Iodide production can occur from the reduction of I2
listed in Table
(though the rate of this should be low based on the E°
value), the reduction of triiodide,
or an alternative iodate reduction reaction,
The chemical reactions of Cl2
, and I2
, when exposed as gases to Si surfaces, are known to preferentially attack step sites
]. In semiconductor processing, this reaction is carried out at high temperatures; nonetheless, an analogous reaction in solutions would be expected to destroy por-Si. The high surface area and defect-laden surfaces of por-Si would be much more susceptible to such reactions in comparison to a polished silicon surface. Therefore, it is not surprising that the production of halogens in solution should lead to the destruction of por-Si. That Br2
destroys por-Si was previously reported by Kelly and co-workers
Now, we turn to the etch chemistry of I–
, and I3–
with polished Si and por-Si surfaces. To do so, we made up a series of solutions from HI, I2
, or NaI
. These were dissolved either in water or in water/ethanol solutions and exposed to mirror finish Si(100) and Si(111) surfaces. The Si surfaces were hydrogen terminated as their oxide layers were stripped by etching first in HF. Alternatively, a layer of por-Si was produced with either a FeCl3·
HF or a V2
HF solution. The layer exhibited a uniform blue or green color indicative of a homogeneous por-Si film. Immediately after being made and rinsed, these layers were exposed to this set of solutions. No etching of either the polished Si surfaces or the por-Si films was noted. Iodide, iodine, and triiodine solutions do not react with either flat, defect-free surfaces or the high-surface-area, defect-laden surfaces of por-Si when HF is not also added to the solution. This result is consistent with the work of Haber et al.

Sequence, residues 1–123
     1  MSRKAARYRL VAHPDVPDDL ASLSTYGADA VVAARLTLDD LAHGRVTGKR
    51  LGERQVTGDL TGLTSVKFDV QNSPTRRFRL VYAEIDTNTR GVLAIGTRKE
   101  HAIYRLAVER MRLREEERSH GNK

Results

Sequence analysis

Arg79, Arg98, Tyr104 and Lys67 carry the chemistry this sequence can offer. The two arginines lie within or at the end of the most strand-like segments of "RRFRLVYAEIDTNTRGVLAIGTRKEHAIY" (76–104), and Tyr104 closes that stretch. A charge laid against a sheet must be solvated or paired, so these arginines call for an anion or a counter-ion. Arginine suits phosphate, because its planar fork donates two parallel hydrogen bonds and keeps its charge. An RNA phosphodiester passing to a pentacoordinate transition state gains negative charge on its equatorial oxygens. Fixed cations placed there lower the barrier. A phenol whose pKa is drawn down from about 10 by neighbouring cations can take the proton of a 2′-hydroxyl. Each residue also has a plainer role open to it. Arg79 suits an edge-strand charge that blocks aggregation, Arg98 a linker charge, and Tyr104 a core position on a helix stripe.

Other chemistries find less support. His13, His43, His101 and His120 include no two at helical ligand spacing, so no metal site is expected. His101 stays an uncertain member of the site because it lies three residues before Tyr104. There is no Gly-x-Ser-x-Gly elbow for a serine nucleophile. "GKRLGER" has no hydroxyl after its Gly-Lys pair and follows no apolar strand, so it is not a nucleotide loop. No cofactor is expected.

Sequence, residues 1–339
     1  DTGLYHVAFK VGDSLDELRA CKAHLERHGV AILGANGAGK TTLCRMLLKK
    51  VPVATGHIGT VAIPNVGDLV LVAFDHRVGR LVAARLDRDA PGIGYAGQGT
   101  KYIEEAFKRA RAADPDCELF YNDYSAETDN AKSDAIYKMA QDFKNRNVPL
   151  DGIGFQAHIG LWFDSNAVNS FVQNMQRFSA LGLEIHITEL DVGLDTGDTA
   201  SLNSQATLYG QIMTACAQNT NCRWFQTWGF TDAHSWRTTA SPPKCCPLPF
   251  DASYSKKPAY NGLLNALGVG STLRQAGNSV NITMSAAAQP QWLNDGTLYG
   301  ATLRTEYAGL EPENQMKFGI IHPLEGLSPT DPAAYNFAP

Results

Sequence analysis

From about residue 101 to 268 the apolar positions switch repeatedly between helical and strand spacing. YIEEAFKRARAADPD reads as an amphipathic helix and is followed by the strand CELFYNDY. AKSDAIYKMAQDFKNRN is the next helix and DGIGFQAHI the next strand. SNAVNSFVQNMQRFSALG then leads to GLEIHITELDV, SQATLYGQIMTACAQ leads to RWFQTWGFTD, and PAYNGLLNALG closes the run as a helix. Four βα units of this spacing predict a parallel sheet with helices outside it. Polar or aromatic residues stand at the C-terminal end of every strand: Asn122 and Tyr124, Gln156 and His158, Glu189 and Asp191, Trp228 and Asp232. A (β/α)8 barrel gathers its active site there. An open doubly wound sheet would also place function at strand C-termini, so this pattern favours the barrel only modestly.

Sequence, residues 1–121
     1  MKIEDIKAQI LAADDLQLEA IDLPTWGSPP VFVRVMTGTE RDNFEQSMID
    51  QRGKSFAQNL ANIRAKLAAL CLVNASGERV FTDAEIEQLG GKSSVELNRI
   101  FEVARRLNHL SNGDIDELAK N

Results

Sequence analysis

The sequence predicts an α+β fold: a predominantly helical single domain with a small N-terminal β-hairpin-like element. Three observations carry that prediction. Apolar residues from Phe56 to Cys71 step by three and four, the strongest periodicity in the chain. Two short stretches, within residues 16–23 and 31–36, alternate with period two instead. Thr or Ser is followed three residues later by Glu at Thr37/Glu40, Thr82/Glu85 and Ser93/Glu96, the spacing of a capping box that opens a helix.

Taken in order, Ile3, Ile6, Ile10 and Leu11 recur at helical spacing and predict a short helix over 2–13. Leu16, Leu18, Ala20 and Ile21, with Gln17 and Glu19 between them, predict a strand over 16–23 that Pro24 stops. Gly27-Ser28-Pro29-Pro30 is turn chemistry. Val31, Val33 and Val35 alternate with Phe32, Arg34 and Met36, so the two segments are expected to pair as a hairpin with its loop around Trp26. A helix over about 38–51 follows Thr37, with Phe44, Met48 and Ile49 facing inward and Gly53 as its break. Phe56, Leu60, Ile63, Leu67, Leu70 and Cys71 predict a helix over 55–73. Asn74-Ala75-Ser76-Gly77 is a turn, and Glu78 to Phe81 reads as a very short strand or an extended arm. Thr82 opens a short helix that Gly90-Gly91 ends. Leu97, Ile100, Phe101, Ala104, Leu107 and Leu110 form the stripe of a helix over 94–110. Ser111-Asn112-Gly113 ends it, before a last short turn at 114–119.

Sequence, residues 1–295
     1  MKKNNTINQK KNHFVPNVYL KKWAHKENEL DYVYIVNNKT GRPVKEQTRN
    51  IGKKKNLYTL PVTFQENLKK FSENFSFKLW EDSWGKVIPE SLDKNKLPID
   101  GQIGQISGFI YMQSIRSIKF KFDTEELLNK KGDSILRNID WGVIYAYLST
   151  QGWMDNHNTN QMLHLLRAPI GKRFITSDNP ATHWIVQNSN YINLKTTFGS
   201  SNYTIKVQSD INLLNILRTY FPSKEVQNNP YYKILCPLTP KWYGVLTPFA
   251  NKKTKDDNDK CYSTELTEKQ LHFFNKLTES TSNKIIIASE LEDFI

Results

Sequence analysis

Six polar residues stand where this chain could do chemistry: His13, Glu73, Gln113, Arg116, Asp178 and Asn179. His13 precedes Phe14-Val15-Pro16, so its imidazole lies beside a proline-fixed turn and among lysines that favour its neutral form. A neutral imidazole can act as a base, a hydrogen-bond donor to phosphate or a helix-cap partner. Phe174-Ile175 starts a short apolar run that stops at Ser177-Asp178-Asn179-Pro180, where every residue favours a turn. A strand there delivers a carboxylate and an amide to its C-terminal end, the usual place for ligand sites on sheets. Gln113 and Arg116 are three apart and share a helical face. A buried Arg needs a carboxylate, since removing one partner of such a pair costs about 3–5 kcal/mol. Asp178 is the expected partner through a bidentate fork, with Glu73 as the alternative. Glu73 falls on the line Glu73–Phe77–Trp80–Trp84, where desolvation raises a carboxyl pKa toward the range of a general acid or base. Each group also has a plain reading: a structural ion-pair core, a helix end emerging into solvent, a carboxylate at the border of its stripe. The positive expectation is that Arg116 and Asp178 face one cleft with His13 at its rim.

] who showed that I2
/methanol solutions can lead to the formation of Si-I and Si-OCH3
bonds; however, they gave no indication for an increase in surface area or other signs of etching. That iodide-containing but HF-free solutions can affect the surface of silicon or por-Si but do not etch the surface is also consistent with other reports of solar cell characteristics and flatband potentials
] or photoluminescence properties
] that shift upon exposure to iodide- or triiodide-containing solutions.
We investigated the etch behavior of solutions containing I–
, and I3–
to which HF has also been added. Neither HI
HF nor I2
HF solutions exhibit appreciable reactivity with polished Si surfaces. We note no bubbling on the faces of the crystals, and the surfaces retain their mirror finishes after rinsing. Occasionally, a few small bubbles may appear after many minutes on scratches or the edges of the crystals. This indicates that there is some reactivity with defects but very low reactivity with well-ordered terraces. An I3–